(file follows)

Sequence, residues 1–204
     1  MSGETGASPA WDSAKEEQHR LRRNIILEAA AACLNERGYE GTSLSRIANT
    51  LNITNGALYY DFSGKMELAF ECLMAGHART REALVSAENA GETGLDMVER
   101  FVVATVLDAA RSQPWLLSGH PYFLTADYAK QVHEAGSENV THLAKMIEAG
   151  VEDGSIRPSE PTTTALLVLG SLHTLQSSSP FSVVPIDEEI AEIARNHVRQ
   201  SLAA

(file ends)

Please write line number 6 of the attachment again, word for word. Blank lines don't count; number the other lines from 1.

   201  SLAA